Here’s the deal: I am sure we have all felt this at one time or another, or maybe even daily. Once we sit down for a while, something changes. In fact everything changes. Our mind, our cells, our expectations, and desires. Suddenly we want inertia, coffee, sugar, comfort, happy hour, or maybe even a nap.
If this sort of thing goes on and on, it can be the start of a trend that gets us into trouble. We want more of it! Meanwhile, our muscles are sitting there, and our nervous system is reinforcing all the usual moves that we make. This becomes our comfort zone.
It works like this: Whatever you do the most of gets reinforced. Then, when you go to do something you haven’t done in awhile, it can feel awkward, foreign, or uncomfortable, maybe even involving some aches and pains. You may end up going back to your comfort zone. In that comfort zone, however, your “normal” may involve chronically short or tight muscles, various weaknesses, and compensations that can contribute to feelings of lethargy or pain.
I know this sounds grim, but if you can apply some awareness to this, you can make a focused effort to do something about it. The focus involves thinking about two main things.
- Find ways to move outside your comfort zone. Meaning, have a program that involves making moves that counter what your body normally does. For example, you can move upwards, sideways, in circles, back and forth, using balance, and stretching your backside and sides.
- When you move differently, do so with intent. If you do random movement you may tend to just reinforce what already feels good to you. Another thing: No flinging! Apply some purpose to each move so that you can feel what part of your body is involved, and in what way. Going more slowly will also give more muscles a chance to participate.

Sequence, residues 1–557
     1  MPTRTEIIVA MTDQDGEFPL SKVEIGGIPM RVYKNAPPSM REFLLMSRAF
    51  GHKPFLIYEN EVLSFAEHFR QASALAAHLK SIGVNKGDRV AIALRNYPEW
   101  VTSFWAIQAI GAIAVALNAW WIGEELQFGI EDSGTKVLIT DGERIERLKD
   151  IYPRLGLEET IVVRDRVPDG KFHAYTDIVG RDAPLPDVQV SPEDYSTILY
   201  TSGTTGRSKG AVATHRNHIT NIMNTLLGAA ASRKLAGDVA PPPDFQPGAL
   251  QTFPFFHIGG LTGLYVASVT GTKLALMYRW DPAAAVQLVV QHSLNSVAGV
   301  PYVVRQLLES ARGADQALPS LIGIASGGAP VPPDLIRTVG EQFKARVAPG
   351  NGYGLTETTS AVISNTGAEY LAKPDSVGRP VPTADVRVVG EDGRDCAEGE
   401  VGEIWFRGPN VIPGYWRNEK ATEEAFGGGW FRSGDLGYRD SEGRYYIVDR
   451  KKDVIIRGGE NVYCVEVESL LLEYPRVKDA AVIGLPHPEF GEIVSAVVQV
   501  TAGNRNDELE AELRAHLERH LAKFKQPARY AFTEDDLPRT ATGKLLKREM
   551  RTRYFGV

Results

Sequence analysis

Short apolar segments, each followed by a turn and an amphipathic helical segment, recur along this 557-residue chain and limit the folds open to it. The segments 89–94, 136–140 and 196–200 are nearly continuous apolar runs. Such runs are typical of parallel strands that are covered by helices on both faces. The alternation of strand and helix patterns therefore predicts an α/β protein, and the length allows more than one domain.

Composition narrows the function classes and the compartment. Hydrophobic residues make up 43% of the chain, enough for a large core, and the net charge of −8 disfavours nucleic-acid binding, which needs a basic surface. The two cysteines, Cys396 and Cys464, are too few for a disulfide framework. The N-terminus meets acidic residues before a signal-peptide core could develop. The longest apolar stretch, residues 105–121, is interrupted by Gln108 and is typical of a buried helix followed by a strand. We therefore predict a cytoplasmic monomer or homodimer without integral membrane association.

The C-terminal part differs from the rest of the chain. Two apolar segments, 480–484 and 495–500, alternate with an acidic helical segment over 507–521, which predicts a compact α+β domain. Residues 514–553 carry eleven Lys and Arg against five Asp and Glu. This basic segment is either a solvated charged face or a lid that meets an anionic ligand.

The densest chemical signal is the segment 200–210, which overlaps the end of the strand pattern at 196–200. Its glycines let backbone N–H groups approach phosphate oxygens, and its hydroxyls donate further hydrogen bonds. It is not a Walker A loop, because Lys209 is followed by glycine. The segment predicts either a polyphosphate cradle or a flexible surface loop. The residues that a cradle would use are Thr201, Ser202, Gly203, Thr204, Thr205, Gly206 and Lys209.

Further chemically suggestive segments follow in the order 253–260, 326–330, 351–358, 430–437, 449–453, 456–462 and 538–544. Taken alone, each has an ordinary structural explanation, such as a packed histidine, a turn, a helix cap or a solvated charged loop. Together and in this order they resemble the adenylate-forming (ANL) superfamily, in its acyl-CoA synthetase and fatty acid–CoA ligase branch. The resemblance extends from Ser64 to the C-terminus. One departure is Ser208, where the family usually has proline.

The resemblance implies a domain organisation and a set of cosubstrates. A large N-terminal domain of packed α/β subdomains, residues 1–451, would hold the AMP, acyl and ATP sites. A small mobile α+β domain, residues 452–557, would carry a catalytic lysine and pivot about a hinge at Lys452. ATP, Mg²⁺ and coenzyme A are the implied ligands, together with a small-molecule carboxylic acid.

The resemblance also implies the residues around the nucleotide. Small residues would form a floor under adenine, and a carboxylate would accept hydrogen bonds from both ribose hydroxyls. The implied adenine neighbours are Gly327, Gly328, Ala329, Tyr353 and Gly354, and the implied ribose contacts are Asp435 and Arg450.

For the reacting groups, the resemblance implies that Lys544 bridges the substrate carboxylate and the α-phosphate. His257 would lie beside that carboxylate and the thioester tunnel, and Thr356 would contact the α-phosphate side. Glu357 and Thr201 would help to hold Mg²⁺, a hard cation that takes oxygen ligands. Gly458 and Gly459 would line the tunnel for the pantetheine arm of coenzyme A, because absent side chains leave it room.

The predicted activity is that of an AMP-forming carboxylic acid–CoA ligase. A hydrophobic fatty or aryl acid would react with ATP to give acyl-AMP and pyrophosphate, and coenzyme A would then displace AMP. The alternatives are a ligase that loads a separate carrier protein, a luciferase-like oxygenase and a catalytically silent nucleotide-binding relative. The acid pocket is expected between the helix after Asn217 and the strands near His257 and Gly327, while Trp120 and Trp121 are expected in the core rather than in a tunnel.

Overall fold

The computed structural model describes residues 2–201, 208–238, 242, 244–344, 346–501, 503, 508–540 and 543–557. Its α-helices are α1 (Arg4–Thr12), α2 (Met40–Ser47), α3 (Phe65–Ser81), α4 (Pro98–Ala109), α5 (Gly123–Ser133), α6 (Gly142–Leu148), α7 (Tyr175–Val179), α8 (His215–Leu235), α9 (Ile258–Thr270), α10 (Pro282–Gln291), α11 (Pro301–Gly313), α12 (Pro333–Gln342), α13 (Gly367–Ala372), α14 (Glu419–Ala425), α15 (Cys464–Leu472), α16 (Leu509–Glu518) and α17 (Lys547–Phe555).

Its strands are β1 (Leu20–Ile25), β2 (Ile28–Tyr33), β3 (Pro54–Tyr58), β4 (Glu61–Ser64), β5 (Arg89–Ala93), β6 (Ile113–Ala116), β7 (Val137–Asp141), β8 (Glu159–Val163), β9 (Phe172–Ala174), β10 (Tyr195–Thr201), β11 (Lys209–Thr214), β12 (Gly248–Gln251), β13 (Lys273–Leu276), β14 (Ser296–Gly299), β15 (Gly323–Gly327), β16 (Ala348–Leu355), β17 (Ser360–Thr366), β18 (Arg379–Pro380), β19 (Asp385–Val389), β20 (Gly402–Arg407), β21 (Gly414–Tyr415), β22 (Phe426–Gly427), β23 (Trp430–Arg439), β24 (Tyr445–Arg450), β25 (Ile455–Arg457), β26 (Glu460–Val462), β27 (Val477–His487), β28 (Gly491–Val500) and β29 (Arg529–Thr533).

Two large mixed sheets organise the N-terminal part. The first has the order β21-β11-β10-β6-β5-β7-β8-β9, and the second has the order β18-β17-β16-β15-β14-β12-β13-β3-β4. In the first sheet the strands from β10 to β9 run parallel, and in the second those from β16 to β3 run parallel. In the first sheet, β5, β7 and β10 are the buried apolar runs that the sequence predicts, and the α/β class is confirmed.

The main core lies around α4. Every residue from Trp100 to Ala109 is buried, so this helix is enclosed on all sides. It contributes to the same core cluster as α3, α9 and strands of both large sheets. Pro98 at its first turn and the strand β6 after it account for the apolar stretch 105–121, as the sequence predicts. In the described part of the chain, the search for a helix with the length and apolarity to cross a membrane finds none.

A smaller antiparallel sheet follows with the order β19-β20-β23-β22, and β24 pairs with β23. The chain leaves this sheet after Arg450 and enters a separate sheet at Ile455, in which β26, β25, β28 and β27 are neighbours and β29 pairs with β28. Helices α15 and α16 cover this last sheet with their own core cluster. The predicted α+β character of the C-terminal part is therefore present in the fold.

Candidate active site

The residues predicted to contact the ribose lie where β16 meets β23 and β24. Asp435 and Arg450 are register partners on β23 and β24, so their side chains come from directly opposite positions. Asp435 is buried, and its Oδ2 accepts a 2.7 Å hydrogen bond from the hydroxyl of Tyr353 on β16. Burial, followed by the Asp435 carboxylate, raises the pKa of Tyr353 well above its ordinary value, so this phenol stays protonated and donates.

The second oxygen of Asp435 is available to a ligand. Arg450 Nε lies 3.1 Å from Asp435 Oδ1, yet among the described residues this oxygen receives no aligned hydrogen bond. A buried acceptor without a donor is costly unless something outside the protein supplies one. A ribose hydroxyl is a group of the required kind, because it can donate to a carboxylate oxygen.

The point: You want to make sure that what you do helps your body move better. This reset is what gives you more energy. And then, you ROCK!
Here are 3 moves and 2 stretches as examples of things you can do to start moving differently. These take only a few minutes, but can really help. Check out my example pictures below.
- Ankle circles: Stand tall on one foot, lift the other, and circle your ankles 10 times each way. You can hang on if your balance needs help, but try not to. Standing tall can help with balance. Do the other ankle.
- Upper-cuts with pivot: Stand tall with arms bent 90 degrees, elbows into your sides. In one move, pivot to the left while punching up with your right arm. The arm movement comes from your shoulder and the arm stays bent 90 degrees as it moves though the punch. Pivot to the right side and punch with the left arm. Go back and forth 10 times.
- Slight squat with alternating side bend: Squat with feet slightly wider than shoulder width apart. Stay down in the squat as you push one arm up overhead and to the side as you bend your torso directly to that side. Do the same arm move and side bend to the other side. Keep alternating 10 times.
- IT Band stretch: Stand with one side to a wall. Take the outside leg and cross it over the wall side leg. Reach the outside arm up overhead and toward the wall. Hold for 8 slow breaths. Do the other side in the same manner.
- 90/90 stretch: Find a chair or counter top that you can hang on to. Put your body in a 90-degree angle so that you feel a good stretch all along the back of your legs and torso. Keep your back flat, not rounded. Hold for 8 slow breaths. You can then round your back slowly in order to come up from this position.
PS. You can use these in most settings…at home, at the office, at the gym and they will only take a few minutes. In fact, its good to integrate movement into as many settings as you can. Another hint: You can also use these for a warm-up.
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